SANTA CLARA, Calif. -- Mike Singletary realizes a public apology for his team's poor play and his postgame trashing of tight end Vernon Davis were the most memorable highlights of the San Francisco 49ers' sorry season.
Just don't expect the interim coach's next postgame news conference to be as entertaining as his animated debut.
"Maybe I'll drink a little more water," Singletary said Monday. "Maybe I'll breathe a little bit."
After a day to cool down from the 49ers' 34-13 loss to Seattle, Singletary was ready to have a calm discussion with Davis, whose reaction to a personal-foul penalty drove Singletary to banish the tight end from the field.
"Vernon is not a problem guy," Singletary said. "Vernon just forgets sometimes that the team is more important."
And after benching J.T. O'Sullivan shortly before halftime in favor of Shaun Hill, Singletary could have a quarterback controversy heading into the Niners' next game at Arizona on Nov. 10. So Monday he named Hill the starter.
But Singletary won't attack San Francisco's myriad problems by changing his style, which got wide public attention Sunday for the first time since the Hall of Fame linebacker retired after the 1992 season.
That's good news for 49ers fans who thought Singletary's frank, creative assessments of the 49ers' shortcomings were a welcome change for a franchise that's been among the NFL's dullest outposts for the past half decade under Dennis Erickson and Mike Nolan.
"I don't talk a whole lot, but when I am talking, I do know what I feel, and I do know what I want to say," Singletary said. "I don't ever want to come in there and be a philosopher, an analytical [person]. That's not who I am. What you see now is what I am, and that's not going to change any time soon."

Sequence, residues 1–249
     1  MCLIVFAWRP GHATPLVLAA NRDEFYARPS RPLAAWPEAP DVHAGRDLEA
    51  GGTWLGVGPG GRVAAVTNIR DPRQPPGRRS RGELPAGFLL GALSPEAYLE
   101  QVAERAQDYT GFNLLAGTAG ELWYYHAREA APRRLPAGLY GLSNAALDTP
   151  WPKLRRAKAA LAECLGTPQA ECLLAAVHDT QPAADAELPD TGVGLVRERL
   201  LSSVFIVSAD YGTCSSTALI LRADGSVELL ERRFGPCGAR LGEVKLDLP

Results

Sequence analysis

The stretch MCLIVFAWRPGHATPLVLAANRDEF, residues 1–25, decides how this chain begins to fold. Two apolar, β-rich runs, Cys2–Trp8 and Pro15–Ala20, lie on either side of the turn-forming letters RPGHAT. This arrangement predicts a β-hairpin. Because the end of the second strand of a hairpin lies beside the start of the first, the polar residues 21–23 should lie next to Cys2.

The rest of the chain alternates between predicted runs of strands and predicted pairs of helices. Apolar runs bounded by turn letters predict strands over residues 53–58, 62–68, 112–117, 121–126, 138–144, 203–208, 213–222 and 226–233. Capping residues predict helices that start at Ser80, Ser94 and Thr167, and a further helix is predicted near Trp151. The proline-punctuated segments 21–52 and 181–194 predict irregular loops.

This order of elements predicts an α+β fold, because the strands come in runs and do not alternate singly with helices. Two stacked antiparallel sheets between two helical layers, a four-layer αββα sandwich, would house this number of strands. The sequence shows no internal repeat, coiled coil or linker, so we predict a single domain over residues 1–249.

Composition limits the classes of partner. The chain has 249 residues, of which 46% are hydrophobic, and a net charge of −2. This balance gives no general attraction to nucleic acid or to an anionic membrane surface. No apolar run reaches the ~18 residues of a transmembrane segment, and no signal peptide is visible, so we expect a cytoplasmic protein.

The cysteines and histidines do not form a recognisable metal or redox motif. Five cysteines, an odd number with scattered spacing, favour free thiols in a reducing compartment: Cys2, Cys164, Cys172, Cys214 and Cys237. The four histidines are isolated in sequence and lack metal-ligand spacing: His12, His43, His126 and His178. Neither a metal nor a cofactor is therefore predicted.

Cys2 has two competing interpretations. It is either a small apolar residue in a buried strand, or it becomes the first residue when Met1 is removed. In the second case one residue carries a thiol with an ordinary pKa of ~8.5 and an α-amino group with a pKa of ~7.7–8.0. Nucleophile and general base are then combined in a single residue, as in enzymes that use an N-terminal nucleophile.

While his predecessor usually wore expensive dress shirts and tailored pants to his Monday television appearances, Singletary showed up in khaki cargo pants and a T-shirt, looking less like a hedge fund manager and more like a drill sergeant on his day off.
Although fans still don't know whether Nolan's coaching protégé can fix the 49ers (2-6) on the field, compliments for Singletary's passion and straightforward style poured in from talk radio, the blogosphere and even the Candlestick Park fans who got Singletary's firsthand apology after the game.
Singletary won't lose the fervor that made him a well-paid motivational speaker before he got into coaching, but he hopes his team will give him much less reason to be furious when it returns from the bye week.
Singletary hasn't decided whether Davis will be back in his starting lineup after the pair's public blowup on the sideline. Davis got a questionable personal-foul penalty for tapping Seattle's Brian Russell on the face mask after a third-quarter catch, but Singletary got really steamed when Davis shrugged his shoulders at Singletary when he was yanked off the field.
Davis is a well-known hothead who frequently gets into scraps with teammates during practice, yet he's usually calm and repentant the moment he removes his helmet. Singletary didn't care, ordering Davis to sit on the bench and then sending him to the showers at the next timeout.
"I didn't expect him to come at me the way he did," Davis said Monday. "I guess that's his way of coaching."
Davis and Singletary finally had a talk Monday afternoon, although Davis said he mostly listened. Davis said he also didn't talk back on the field to Singletary, who suggested Davis wasn't a team player during his news conference.
"I know that I'm a team guy," Davis said. "I asked him about the comment he made. He basically said he didn't mean that. I'd never do anything to hurt my teammates or put them in trouble. It's about the team, and when you're playing this game, we've really got to lean on each other."
Singletary knows Davis possesses a measure of passion the Niners' coach showed during his playing days with the Chicago Bears, but without the mental awareness that made Singletary among the best to ever play his position.
"Vernon is not a guy who doesn't come to practice," Singletary said. "You have to tell Vernon, 'That's enough. Don't hurt the guy. That's your teammate.' He works his tail off. You don't have a problem with Vernon that way. What you have a problem with is with some of the decisions he makes at crucial times."
Information from The Associated Press was used in this report.